The 2019 regular season is right around the corner, but every NFL team still has at least one position on its roster that could use improvement. And there’s still plenty of time to address those areas of need! Free agents are readily available on the open market, while preseason trades provide another avenue of player procurement. 19 NFL trades were executed between August 1st and September 1st of 2018, and that number could increase this year.
Let’s take a look at the weakest positional group — and a potential solution — for each NFL club. Today we’ll examine the AFC South:
- Weakness: Offensive line. The Texans made a number of notable additions to their offensive line during the offseason, but it’s unclear how much those reinforcements will actually help. New left tackle Matt Kalil is seemingly always injured or ineffective, while first- and second-round rookies Tytus Howard and Max Scharping both come from small schools and could take some time to develop. Houston’s offensive line was one of the NFL’s worst in 2018, ranking 27th in adjusted line yards and dead last in adjusted sack rate, per Football Outsiders.
- Solution: Sign Ryan Schraeder. Even if Kalil, Howard, and Scharping find success along the Texans’ front five, the club could still have a gaping hole at right tackle. Seantrel Henderson is going unchallenged on the right side, but he hasn’t played more than 47 offensive snaps since the 2015 season. The former seventh-round pick has never been all that productive even when he has been on the field, so Houston could look for a late upgrade. The Texans were reportedly interested in Schraeder in March, but it’s unclear if he ever actually met with the team’s staff. With 73 starts under his belt, Schraeder would bring experience to a Houston offensive line that desperately needs it.
- Weakness: Defensive line depth. This almost feels too nit-picky: the Colts have one of the best rosters in the NFL, so it’s difficult to pinpoint a weak area. Indianapolis has a number of interesting pieces along its defensive line, but veteran defensive end Jabaal Sheard could potentially miss regular season action.
- Solution: Trade for DeMarcus Walker. I don’t think the Colts should necessarily go out and sign a street free agent to take snaps away from their intriguing young defensive line prospects, but trading for Walker would represent a buy-low on an intriguing defender. Walker posted 16 sacks during his final season at Florida State and has flashed during his time with the Broncos, but he simply hasn’t been able to secure any real playing time (121 career defensive snaps). That’s probably not going to change any time soon in Denver, so the Colts could send a late-round pick in exchange for a player who could theoretically line up at outside linebacker, defensive end, or defensive tackle.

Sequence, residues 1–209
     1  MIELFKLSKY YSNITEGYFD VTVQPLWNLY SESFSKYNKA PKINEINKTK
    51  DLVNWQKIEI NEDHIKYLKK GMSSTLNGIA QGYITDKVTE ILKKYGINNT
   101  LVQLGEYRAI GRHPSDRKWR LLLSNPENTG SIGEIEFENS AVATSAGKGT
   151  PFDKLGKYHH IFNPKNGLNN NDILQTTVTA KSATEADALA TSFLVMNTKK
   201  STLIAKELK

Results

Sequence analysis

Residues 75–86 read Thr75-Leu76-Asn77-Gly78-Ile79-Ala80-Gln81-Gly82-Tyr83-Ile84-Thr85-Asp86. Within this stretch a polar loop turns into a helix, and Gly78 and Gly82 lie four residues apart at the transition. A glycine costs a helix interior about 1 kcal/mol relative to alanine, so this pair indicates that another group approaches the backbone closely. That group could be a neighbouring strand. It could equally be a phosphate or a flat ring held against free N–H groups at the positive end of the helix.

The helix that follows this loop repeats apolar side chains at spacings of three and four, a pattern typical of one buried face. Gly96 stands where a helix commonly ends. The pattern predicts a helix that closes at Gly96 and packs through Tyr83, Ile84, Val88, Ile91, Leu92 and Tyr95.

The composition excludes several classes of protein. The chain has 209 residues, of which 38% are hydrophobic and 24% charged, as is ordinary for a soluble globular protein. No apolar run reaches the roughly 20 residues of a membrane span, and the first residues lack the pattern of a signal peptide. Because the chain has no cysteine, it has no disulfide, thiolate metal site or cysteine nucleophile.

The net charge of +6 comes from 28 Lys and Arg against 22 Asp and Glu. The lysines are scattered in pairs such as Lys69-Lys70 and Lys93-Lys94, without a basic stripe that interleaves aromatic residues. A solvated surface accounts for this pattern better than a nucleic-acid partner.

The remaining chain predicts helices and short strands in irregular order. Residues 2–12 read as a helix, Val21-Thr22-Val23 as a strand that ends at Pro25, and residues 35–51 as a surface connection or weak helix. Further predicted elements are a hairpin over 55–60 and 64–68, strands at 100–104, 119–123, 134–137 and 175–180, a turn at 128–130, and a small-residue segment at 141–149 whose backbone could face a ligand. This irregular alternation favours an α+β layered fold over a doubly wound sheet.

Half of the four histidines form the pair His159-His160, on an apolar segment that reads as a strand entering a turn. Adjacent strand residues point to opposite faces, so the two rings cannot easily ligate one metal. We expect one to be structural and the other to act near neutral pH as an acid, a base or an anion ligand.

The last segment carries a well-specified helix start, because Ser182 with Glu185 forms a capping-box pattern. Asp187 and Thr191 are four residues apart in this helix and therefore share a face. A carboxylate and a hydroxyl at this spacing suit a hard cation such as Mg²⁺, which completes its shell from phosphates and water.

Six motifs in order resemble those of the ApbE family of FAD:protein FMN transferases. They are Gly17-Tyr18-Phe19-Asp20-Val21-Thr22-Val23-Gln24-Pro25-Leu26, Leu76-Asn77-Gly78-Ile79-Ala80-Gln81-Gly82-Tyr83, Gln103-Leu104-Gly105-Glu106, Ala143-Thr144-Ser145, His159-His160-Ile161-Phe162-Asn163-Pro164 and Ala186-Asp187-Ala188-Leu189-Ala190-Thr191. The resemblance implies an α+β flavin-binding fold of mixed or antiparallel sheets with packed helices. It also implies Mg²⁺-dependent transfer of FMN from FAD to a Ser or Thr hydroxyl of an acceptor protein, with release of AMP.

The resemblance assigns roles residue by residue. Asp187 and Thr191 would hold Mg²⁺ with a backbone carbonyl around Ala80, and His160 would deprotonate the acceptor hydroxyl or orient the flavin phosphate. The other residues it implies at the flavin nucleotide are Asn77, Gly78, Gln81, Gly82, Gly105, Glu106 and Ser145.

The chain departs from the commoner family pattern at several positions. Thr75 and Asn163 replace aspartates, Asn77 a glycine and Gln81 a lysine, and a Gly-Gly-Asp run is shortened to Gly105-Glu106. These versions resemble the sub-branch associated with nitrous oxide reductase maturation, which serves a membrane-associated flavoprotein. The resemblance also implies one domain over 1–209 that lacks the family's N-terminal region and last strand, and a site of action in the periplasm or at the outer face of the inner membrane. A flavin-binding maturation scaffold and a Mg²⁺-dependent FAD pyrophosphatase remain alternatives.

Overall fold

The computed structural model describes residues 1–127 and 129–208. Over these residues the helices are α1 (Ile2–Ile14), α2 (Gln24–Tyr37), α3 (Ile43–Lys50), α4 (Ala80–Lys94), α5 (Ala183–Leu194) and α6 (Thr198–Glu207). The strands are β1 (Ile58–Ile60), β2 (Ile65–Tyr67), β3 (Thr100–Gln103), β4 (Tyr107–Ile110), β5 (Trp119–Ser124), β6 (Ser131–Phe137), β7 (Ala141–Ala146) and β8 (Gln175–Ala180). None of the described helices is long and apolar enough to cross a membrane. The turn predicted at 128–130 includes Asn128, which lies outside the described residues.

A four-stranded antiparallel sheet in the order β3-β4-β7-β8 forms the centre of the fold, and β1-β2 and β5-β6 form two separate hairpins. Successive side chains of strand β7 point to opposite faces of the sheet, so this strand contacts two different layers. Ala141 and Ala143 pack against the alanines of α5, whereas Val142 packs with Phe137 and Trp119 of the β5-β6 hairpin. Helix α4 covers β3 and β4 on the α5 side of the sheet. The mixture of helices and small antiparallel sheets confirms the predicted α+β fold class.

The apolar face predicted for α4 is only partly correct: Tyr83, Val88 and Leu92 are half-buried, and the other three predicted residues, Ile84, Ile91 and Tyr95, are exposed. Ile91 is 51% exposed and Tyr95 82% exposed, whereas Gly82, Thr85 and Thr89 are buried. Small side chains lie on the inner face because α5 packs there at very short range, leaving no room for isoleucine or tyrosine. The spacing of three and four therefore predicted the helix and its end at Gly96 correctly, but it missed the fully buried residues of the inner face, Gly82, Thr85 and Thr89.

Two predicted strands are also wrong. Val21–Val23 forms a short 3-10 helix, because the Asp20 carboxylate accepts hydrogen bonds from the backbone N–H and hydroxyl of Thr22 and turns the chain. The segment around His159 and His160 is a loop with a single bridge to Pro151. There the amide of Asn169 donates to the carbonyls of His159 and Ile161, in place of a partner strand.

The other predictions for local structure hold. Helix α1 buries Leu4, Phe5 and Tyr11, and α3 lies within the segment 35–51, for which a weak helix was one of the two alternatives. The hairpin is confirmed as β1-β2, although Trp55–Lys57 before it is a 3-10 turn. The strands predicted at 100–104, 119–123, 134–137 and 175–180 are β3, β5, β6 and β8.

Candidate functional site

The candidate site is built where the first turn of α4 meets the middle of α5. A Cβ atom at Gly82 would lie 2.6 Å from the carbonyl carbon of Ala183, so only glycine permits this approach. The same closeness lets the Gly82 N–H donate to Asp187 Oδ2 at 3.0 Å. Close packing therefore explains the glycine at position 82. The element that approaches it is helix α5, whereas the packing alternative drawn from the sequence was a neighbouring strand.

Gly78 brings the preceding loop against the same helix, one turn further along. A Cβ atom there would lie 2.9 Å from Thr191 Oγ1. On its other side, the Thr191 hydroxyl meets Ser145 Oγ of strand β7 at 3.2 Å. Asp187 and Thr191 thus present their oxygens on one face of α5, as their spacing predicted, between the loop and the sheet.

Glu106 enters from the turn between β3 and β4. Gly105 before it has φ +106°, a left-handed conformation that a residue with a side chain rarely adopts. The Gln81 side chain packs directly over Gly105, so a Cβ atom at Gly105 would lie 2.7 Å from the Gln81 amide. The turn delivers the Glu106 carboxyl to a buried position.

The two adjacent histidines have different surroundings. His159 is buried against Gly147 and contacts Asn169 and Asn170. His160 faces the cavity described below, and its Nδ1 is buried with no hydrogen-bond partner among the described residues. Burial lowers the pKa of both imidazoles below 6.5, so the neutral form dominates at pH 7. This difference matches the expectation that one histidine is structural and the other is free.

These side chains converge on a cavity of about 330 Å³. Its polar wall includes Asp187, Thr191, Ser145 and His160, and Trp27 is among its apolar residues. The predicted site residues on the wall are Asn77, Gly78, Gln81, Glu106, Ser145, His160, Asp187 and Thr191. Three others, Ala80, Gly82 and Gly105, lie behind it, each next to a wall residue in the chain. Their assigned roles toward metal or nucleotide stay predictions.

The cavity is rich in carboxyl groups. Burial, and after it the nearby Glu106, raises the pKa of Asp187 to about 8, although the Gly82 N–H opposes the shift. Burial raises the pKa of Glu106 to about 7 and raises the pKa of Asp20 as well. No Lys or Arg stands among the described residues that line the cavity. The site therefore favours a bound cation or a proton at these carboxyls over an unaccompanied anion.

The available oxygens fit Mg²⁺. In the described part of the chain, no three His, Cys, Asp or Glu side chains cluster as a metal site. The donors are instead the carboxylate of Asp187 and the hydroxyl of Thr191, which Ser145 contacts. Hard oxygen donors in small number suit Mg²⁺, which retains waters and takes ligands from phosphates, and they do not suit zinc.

- Weakness: Inside linebacker to play opposite Myles Jack. Telvin Smith‘s unexpected retirement put the Jaguars in a bind at inside linebacker, and no recent developments have added clarity at the position. Third-round rookie Quincy Williams was expected to fill the void left by Smith’s absence, but he’s dealing with a torn meniscus and will miss the start of the regular season. Free agent addition Jake Ryan, meanwhile, suffered a July setback in his recovery from a torn ACL and hasn’t practiced since.
- Solution: Trade for Reggie Ragland. Ragland has already been traded once is career, going from Buffalo to Kansas City in 2017 in exchange for a fourth-round pick. Given that he has only one year remaining on his contract, the former second-round pick shouldn’t cost that much to acquire this time around. The Chiefs acquired fellow linebacker Darron Lee from the Jets this offseason to team with Anthony Hitchens and Damien Wilson, so Ragland could be expendable.
- Weakness: Offensive line depth. The Titans have some question marks along their offensive line, and those questions begin at left tackle, where Dennis Kelly will start the first four games in place of the suspended Taylor Lewan. Jack Conklin is back at right tackle after suffering a torn ACL in 2018, but right guard is a battle between Kevin Pamphile and rookie Nate Davis. Pamphile is currently listed as the starter on Tennessee’s depth chart, but the veteran was well below-average in two seasons as a Buccaneers starter.
- Solution: See if Austin Corbett is (already) available. Browns general manager John Dorsey has been more than willing to get rid of players brought in by ex-GM Sashi Brown, but would he trade his own disappointing draft picks? It’s far too early to call Corbett, a 2018 second-rounder, a bust, but his career isn’t progressing as Cleveland had hoped. Expected to take over at right guard after Kevin Zeitler was dealt to the Giants, Corbett has struggled in training camp and the preseason, and journeyman Eric Kush now looks like the favorite to start. Corbett played tackle at Nevada before being shifted to guard in the pros, so he could potentially offer depth at both positions for the Titans.
More posts in this series: